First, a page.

What Bottlenecks Do Banks Currently Have In Working With Data That We Can Help With?
The main issues banks have to deal with can be boiled down to:
- Credit default risk — the chance that a farmer will fail to make timely payments or break payment obligations always exists;
- Lack of transparency — the clients may provide false documents about their yields and profit, complicating the process of granting a loan;
- Insufficient data for proper assessment — without comprehensive past and present information, it’s pretty difficult to perform a 360-degree farm’s evaluation;
- Time-consuming scouting, which is sometimes the only way for banks to gather trustworthy information;
- Need in modern methodologies for risk analysis — traditional approach to risk assessment should be now replaced with smarter and faster ways to keep up with the fast-paced business environment;
- Revenue forecasting — the yield prediction may give banks the premises to assume a farm will have enough revenue to pay a loan back.
Which EOSDA Solutions Can Banks Use?
Our EOSDA Crop Monitoring platform could serve banks’ needs the best. It’s a satellite-driven online software that uses mathematical algorithms to process the satellite imagery and retrieve valuable insights on the state of crops. So instead of analyzing tons of documents and sending scouts, you can check a farmland’s historical data or close-to-real-time information from fields straight away from your comfy office. Moreover, once a loan is approved, banks can provide their clients with access to the platform to control and manage crops.
What EOSDA Crop Monitoring Features Are The Most Useful For Banks?
I would say these are historical data on fields’ productivity, crop rotation, weather patterns, and soil moisture, and the possibility to overview the crops’ quality in near real time. Based on the received insights, it becomes possible to make a yield prediction — and this matters to banks the most when it goes about crediting farmers. That’s where EOSDA Crop Monitoring may come in handy.
Also, one more feature that could be helpful is the field leaderboard displaying all the fields at once and allowing a user to get the most important information about each of them at a glance.
What Partnership Options For Banks Do We Offer?
We have two main options:
- The out-of-the-box EOSDA Crop Monitoring platform (starting from 5,000 ha);
- Simple (Basic) or Advanced White Label. EOSDA Crop Monitoring White Label is a fully customized platform allowing for applying clients’ branding, changing domain name, getting a mobile application for scouting, and much more, depending on the package.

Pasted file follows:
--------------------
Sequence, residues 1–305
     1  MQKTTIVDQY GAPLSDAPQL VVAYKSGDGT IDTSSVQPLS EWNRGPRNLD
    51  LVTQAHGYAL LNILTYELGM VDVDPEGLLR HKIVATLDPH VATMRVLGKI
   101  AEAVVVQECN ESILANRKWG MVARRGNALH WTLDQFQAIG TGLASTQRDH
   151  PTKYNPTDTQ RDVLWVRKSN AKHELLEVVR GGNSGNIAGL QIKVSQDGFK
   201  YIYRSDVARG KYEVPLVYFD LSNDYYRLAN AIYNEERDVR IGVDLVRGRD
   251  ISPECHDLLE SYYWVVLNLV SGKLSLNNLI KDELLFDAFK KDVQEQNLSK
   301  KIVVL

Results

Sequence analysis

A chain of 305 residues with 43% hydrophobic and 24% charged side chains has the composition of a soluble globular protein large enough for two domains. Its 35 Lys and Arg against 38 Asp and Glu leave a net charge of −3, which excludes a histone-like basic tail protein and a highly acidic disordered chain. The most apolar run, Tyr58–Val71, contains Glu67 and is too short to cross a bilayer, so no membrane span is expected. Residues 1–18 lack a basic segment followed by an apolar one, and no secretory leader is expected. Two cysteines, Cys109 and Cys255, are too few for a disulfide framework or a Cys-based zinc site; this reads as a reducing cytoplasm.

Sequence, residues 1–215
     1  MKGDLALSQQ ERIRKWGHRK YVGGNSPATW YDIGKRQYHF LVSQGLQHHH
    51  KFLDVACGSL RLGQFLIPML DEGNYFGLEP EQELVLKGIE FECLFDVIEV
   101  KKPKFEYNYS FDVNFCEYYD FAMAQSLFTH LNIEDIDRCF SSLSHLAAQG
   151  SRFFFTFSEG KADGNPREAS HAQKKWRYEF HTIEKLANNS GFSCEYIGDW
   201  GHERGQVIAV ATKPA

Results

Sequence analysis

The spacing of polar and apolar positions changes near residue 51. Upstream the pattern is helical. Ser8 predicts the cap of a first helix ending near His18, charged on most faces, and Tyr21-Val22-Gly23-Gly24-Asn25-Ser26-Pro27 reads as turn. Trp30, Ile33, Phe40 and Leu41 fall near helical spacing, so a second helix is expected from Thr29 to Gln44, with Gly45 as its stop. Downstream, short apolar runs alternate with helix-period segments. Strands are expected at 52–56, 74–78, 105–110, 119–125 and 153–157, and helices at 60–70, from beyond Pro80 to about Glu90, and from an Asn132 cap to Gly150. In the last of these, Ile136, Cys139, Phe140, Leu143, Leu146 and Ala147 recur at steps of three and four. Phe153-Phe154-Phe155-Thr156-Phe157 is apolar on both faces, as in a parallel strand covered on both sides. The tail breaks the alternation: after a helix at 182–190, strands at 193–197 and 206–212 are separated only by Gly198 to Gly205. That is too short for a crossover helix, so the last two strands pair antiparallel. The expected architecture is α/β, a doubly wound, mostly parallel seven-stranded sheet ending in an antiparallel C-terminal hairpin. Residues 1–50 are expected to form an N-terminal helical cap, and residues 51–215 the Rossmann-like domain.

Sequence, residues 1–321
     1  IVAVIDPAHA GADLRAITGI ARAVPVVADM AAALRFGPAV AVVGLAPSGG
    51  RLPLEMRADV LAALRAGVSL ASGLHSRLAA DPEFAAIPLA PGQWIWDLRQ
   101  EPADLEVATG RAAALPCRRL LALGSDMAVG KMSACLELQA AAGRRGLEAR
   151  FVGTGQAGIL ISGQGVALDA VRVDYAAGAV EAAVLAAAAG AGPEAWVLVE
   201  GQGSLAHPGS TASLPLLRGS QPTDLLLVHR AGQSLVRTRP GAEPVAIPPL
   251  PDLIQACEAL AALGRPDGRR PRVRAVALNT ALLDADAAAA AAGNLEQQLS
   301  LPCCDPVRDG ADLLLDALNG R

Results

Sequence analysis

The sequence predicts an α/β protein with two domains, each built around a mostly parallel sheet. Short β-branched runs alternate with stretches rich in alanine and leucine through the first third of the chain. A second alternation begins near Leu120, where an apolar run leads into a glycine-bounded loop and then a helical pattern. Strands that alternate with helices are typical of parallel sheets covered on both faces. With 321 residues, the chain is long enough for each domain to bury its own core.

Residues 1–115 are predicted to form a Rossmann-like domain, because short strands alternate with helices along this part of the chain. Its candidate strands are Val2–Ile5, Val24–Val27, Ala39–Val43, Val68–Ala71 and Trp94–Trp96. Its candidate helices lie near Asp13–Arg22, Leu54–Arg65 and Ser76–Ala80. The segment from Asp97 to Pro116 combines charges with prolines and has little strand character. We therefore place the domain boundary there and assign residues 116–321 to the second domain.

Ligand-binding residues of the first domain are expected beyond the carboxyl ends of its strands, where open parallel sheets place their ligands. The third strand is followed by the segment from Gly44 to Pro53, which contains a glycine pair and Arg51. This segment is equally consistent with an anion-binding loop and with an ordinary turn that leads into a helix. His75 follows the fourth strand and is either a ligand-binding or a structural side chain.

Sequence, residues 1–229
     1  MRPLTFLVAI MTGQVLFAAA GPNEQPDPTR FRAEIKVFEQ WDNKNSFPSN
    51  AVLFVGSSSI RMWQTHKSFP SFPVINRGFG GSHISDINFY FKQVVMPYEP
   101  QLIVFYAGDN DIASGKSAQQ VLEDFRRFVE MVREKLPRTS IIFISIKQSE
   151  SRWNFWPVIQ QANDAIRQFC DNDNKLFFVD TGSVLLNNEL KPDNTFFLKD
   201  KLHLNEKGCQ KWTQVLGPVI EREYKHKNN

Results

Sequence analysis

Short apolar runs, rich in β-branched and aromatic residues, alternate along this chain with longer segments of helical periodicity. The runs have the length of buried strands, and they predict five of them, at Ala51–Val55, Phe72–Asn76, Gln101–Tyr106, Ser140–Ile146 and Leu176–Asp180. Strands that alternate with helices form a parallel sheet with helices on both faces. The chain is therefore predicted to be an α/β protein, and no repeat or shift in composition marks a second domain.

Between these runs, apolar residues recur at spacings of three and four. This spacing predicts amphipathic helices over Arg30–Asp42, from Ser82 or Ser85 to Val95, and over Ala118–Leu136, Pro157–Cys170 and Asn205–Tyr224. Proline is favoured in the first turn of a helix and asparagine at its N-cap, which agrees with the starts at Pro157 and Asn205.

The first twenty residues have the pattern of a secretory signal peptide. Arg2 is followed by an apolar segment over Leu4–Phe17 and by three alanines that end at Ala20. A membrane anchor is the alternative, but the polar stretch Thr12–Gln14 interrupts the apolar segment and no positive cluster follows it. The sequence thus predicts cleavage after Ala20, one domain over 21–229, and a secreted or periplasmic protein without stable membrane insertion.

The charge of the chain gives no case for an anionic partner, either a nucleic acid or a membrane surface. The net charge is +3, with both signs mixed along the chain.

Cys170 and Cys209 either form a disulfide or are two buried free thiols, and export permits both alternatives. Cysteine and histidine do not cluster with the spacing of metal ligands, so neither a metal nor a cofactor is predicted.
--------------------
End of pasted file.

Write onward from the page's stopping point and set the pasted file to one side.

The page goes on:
What Steps Of The Implementation Process Do Banks Go Through?
The out-of-the-box solution is ready to be used immediately after the purchase. As for the white label option, our implementation specialists handle a hassle-free platform creation considering any customization requests the clients might have. It usually takes from four to twelve weeks for the platform to be up and running, and once everything is on track, we still don’t leave our partners alone offering continuous tech support.
We are very supportive to partners bearing in mind that their success is our success. We walk our customers through smooth onboarding, conduct product training, and assign dedicated account managers to address any issues to ensure the best customer experience.
What Benefits And Outcomes Will Banks Have In The Long-run Perspective With The Help Of EOSDA?
Using EOSDA Crop Monitoring will help:
- Facilitate risk assessment and reduce the credit default risk by providing reliable data on farmlands;
- Ensure better transparency between banks and clients throughout the loan approval process;
- Optimize workflow and time spent on fields’ trips with a scouting app;
- Shorten the loan processing time resulting in handling more loans that will lead to a higher customer satisfaction rate;
- Execute custom projects such as crop type classification, yield prediction on a field and a country level, soil type classification, etc.
We’re excited to expand the EOS Data Analytics business into the financial sector and introduce more agribanks to satellite-based crop monitoring technology capable of streamlining complex loan risk assessment processes.
Natalia Borotkanych has been working in the space sector for more than 15 years now. Her experience includes working in business, science, education, and government projects.
Natalia has a PhD in space history, Master’s Degree in Foreign Policy from the Diplomatic Academy of Ukraine, as well as Master’s Degree in Public Management and Administration from National Academy for Public Administration under the President of Ukraine.
Building upon her experience of working in the State Space Agency of Ukraine, Natalia now specializes in helping the state bodies and NGOs to implement the satellite monitoring technologies for solving real-world problems and for smart decision-making.
Natalia is an active science communicator. She is a scientific editor at The Universe. Space. Tech magazine. She also teaches a “Space diplomacy” course at the National Aviation University.
Natalia's experience in project coordination and scientific expertise in the space sector are much appreciated at EOS Data Analytics.